Fiona and Tucker are mating. The zoo says that's normal
The Cincinnati Zoo confirms hippos Fiona and Tucker are mating. The confirmation was posted in a members forum in response to questions from visitors.
Spokesperson Michelle Curley says the breeding behavior is not unexpected.
"She is at an appropriate age for this to happen," says Curley. "Tucker and Fiona, as you know, are not related. We are not trying to add another hippo to the bloat at this time, so she is on birth control."
Fiona's father, Henry, died in 2017. Tucker, father to Fiona's half-sibling Fritz, came to the Cincinnati Zoo from San Francisco in 2021.
You can see Fiona and Tucker acting playful in this video from the zoo.
While it's normal behavior, Zoo Director Thane Maynard says there are concerns about Fiona mating while she's still young. Speaking on WVXU's Cincinnati Edition in September, he said "The part that makes me nervous is of course Fiona is still small. She weighs over 2,000 pounds, but she's petite and we don't want her to breed (yet). She's not cycling yet. She is on birth control, but we've proven birth control doesn't always work."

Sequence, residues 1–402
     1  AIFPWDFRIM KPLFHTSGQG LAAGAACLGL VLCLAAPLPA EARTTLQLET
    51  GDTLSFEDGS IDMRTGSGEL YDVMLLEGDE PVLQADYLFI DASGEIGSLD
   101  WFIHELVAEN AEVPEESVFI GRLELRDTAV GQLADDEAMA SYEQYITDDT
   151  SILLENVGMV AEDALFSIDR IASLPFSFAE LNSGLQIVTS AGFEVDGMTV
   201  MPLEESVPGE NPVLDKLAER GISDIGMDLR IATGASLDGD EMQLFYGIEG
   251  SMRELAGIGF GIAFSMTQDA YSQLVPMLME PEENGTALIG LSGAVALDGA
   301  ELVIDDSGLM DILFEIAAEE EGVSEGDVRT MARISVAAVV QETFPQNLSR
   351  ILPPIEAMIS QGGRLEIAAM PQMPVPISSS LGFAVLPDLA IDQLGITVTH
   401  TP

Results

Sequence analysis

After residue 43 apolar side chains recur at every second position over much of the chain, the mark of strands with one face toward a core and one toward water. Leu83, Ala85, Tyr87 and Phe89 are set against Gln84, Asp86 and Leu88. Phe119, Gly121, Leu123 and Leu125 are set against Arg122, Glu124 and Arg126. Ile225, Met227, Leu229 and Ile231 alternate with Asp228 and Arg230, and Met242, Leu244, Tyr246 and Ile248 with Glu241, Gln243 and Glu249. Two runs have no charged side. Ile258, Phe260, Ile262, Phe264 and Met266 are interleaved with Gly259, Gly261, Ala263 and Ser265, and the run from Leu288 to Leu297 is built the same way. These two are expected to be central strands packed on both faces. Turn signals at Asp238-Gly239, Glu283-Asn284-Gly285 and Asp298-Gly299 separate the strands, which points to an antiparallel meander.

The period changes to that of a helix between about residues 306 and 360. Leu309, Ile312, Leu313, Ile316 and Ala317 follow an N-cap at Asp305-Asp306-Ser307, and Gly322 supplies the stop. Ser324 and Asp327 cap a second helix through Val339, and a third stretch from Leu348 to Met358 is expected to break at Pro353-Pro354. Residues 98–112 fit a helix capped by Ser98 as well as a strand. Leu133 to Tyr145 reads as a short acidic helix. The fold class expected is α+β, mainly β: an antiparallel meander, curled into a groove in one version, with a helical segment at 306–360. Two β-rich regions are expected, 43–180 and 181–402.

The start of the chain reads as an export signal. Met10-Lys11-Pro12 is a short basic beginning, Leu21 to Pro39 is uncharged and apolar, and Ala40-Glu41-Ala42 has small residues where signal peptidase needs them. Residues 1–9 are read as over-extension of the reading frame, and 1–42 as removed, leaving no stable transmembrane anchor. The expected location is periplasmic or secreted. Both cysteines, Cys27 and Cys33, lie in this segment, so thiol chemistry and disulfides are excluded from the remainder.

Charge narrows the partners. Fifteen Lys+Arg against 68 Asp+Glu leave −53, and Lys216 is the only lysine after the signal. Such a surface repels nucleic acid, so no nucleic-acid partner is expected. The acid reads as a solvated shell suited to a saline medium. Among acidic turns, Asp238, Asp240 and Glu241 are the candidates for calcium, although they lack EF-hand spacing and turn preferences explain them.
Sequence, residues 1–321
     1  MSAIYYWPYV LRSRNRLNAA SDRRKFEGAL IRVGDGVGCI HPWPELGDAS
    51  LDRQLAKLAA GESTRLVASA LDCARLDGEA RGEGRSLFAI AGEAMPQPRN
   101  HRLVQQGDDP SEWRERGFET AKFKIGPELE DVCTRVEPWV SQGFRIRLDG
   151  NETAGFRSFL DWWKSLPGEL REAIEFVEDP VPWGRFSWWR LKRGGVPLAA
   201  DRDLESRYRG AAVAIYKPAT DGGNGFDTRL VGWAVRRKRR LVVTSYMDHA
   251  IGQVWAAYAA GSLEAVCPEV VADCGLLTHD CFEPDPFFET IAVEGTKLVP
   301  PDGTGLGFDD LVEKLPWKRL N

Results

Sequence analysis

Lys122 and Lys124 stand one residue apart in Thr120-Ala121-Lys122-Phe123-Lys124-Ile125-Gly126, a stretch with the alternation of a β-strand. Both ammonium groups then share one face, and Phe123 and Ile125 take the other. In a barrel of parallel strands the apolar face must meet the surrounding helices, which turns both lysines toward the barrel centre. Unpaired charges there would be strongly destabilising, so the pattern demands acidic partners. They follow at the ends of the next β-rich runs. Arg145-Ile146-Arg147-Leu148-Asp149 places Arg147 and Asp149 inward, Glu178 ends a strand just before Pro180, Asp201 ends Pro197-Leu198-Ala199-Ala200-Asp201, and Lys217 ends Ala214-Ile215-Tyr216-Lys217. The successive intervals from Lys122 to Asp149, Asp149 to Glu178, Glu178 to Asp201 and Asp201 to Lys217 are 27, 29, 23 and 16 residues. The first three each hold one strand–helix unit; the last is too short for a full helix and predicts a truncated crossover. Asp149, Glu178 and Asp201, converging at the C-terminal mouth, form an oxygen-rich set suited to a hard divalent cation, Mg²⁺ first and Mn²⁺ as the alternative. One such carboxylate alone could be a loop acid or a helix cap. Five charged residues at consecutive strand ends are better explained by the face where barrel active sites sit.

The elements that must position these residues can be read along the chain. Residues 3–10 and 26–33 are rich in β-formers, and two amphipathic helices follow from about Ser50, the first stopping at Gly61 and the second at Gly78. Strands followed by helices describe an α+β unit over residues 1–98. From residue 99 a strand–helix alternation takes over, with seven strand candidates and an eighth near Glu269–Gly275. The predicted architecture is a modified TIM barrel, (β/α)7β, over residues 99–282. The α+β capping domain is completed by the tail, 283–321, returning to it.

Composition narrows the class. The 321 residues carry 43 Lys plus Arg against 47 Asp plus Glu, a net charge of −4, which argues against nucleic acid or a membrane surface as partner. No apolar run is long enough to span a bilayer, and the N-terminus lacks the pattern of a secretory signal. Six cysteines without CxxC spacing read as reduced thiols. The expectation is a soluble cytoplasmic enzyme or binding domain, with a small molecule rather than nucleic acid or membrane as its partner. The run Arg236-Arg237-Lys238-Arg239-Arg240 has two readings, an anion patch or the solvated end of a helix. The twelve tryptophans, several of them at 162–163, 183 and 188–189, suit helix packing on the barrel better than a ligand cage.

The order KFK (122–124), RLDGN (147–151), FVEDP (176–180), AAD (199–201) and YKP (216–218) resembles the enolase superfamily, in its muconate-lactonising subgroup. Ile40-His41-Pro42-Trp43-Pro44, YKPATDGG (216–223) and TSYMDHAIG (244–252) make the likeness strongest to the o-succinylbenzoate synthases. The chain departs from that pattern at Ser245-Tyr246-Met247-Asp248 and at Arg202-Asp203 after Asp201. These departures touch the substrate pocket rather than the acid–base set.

Fiona is still growing and the zoo isn't ruling out Fiona producing offspring some day, should the Hippo Species Survival Plan recommend it.
"Because she was the first premature hippo to survive, we were not sure what her reproductive future would be. We are not expecting (or hoping for) her to become pregnant now. Female hippos are often reproductively mature between 5-7, and because of that we have been prepared and expecting this day to come and Fiona has been on birth control since Tuckers arrival," writes Curley in an update to WVXU.
Curley says hippo keepers confirm Fiona "is at an appropriate age for breeding to occur and at 2200 pounds is close to the weight of some fully grown adult females."
Science, it seems, has a lot to learn about hippo birth control. Bibi, Fiona's mother, was on birth control when the zoo discovered she was pregnant by Tucker with Fritz. While Tucker was brought to Cincinnati, in part, for breeding, the pair weren't planned to begin mating so quickly.
"It's a phenomenon," Maynard said. "There's so much work done in zoos — done at our zoo and others — on reproductive biology, but we don't seem to get the dosage of birth control on hippos correct. Bibi was born by mistake at Disney's Animal Kingdom when they first opened. They had eight females and a male but all the females were on birth control so they wouldn't have too many. Well, they got the dosage wrong and they had eight babies the next year."
The zoo's hippo habitat can house no more than four hippos. Maynard reiterates that Fiona isn't going anywhere.
"She's staying; she's our franchise player."
The zoo had planned a Facebook Live Wednesday at 2:30 p.m. to answer questions on the topic. The session was canceled because of the weather.